The comparison to Dunson et al is reasonable, but it might be worth talking about what is lost by using a grid rather than a continuous space.

Section 2.1 seems like a tangent.


I didn't see held-out likelihood tests. It's not trivial for LDA. How would they be computed for this model?

I'd like to see a linear SVM used for document classification, in addition to the nearest neighbor method (I'm assuming that's BOW?).

See my earlier concerns about using "capacity" as a measure of approximate # of topics. Why not just the number of grid cells? In some sense CCG is just a fancier correlated distribution over the cells, like CTM or PAM.

The Euclidean embedding section is interesting. I'd like to see more of it.

What are the visual words? Are they given with the data set?

On the whole I buy the visualization aspect, because the word distributions are intrinsically embedded in a 2D space. I'd like to see more development of this idea. How would people use this embedding to learn something about the corpus? I didn't find Figure 5 particularly compelling for the fry/deep fry distinction, but the cluster of words that I associate with Indian recipes in the bottom right was interesting.
Q2: Please summarize your review in 1-2 sentences
An interesting twist on topic models, with a more psychologically plausible notion of semantic gradients, and an intrinsic connection to visualization interfaces. Presentation is confusing, and results could be strengthened.

Submitted by Assigned_Reviewer_6

Q1: Comments to author(s). First provide a summary of the paper, and then address the following criteria: Quality, clarity, originality and significance. (For detailed reviewing guidelines, see
This paper describes a creative alternative for topic modeling:
mixed-membership on a "counting grid." The advantage of this approach
seems to be that you can move smoothly across the grid, achieving a
high effective number of topics while the spatial smoothing prevents
overfitting. The disadvantage seems to be that there are more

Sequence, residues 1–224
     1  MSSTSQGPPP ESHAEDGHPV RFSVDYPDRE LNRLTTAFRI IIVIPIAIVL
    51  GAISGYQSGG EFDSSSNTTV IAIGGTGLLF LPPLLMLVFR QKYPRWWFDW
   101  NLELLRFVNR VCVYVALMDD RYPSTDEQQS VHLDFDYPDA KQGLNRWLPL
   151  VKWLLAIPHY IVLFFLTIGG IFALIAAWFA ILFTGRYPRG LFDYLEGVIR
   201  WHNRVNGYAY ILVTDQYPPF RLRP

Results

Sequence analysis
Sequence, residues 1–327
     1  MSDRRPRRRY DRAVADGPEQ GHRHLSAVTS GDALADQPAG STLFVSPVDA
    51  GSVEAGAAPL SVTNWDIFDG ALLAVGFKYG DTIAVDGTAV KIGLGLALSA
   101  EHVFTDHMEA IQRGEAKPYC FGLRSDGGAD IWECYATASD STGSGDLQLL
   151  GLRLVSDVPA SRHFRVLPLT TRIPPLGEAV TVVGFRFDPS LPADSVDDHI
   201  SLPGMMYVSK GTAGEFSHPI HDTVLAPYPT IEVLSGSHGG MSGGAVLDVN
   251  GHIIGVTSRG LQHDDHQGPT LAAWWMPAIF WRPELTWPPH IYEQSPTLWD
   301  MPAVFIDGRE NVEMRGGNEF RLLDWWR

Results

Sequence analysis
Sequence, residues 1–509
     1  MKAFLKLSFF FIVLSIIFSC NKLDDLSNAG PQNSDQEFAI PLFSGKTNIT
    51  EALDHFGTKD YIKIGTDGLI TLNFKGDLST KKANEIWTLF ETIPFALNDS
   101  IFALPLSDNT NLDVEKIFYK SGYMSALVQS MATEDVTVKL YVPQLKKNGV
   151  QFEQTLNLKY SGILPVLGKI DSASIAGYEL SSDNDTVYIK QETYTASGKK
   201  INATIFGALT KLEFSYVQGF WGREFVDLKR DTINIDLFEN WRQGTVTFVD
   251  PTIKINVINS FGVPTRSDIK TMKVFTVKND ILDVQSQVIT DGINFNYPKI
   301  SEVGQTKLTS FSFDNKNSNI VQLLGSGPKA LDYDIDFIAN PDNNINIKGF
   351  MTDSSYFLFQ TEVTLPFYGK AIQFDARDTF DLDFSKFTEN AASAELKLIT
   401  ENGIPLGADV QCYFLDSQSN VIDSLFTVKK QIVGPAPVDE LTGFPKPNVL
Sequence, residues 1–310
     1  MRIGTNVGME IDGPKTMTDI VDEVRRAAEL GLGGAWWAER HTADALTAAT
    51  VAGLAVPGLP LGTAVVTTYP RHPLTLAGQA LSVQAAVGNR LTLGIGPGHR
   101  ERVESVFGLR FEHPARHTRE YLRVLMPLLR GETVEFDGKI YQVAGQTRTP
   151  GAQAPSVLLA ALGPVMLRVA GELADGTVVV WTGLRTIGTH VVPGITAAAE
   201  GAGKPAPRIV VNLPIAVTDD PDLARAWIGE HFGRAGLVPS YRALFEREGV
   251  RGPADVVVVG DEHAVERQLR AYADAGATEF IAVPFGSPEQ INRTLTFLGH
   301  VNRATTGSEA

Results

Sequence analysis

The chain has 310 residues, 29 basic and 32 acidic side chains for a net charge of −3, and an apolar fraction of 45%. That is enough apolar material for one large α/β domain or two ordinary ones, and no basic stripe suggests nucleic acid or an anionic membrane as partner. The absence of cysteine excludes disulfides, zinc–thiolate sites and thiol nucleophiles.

parameters (grid dimension and size, and window size). A variational
inference procedure that is somewhat to LDA is possible, although no
speed/complexity comparisons are provided. The spatial nature of the
approach has potential advantages for visualization as well.

One major problem for the paper is that the presentation is quite
confusing. This is partly due to the writing, which could generally
use a closer edit and more attention to detail. The mathematical
notation is also confusing, with too many variable names and some
inconsistency. For the probability of a word, we have four different

p(w_n | k_n, \pi)

I think the paper could survive with just two:
p_{W|K}(w | K = k) -- the probability of a word, conditioned on a draw directly from location k
p_{W|L}(w | L = l) -- the probability of a word, conditioned on a window centered on location l

p_{W|L}(w | L = l) \propto \sum_{k \in W_l} p_{W|K}(w | K = k) p_{K|L}(k | L = k),

where the last term has been defined to be uniform later in the paper
(this is not clear in Figure 2). Avoid capital I as a variable
name, especially in a sans-serif font.

The variational approximation seems to include a term q(\theta), but
this is never updated; rather, theta is updated directly in equation
(5). This may be connected with the definition of q(\theta) as a
"Dirac function centered at the optimal value theta_hat," but
theta_hat is never defined or updated. I think it would make more
sense just to treat this as a parameter and not bother to define

The note that the "minimization procedure can be carried out
efficiently in O(n log n) using FFTs" is not helpful. At a minimum,
the reader needs a citation to a paper that explains how to do this;
but really, give specifics in an appendix. Also, please explain what
is n, and how it depends on the window size, vocabulary size, and
number of word tokens.

The marginalized updates (9) and (10) are presented in terms of the
overall likelihood rather than the variational bound. It is indeed
interesting that these updates don't depend on each other, although
it's a little misleading. If they were truly decoupled, there would be
no point in having l, as it would be decoupled from the observations
w. In fact, the update for q(l) affects theta, which in turn affects
the update for q(k); conversely, the update for q(k) affects \pi,
which in turn affects q(l).

The empirical results seem strong, beating published work on the 20
news task, and also on a new document classification datasets
(although the mind boggles that new document classification datasets
are still felt to be necessary). What is the meaning of the multiple
shadings of the circles in Figure 3? How were the model parameters
(grid size, dimensionality, window size) determined in the multimodal
retrieval and euclidean embedding experiments?

The visualization application seems interesting, although it seems
possible for individual words to appear in multiple positions, and
this has happened in Figure 5 for a few words (e.g.,
chicken). Wouldn't this be confusing for users?
Q2: Please summarize your review in 1-2 sentences
Creative idea, confusing presentation.
Author Feedback

Q1:Author rebuttal: Please respond to any concerns raised in the reviews. There are no constraints on how you want to argue your case, except for the fact that your text should be limited to a maximum of 6000 characters. Note however that reviewers and area chairs are very busy and may not read long vague rebuttals. It is in your own interest to be concise and to the point.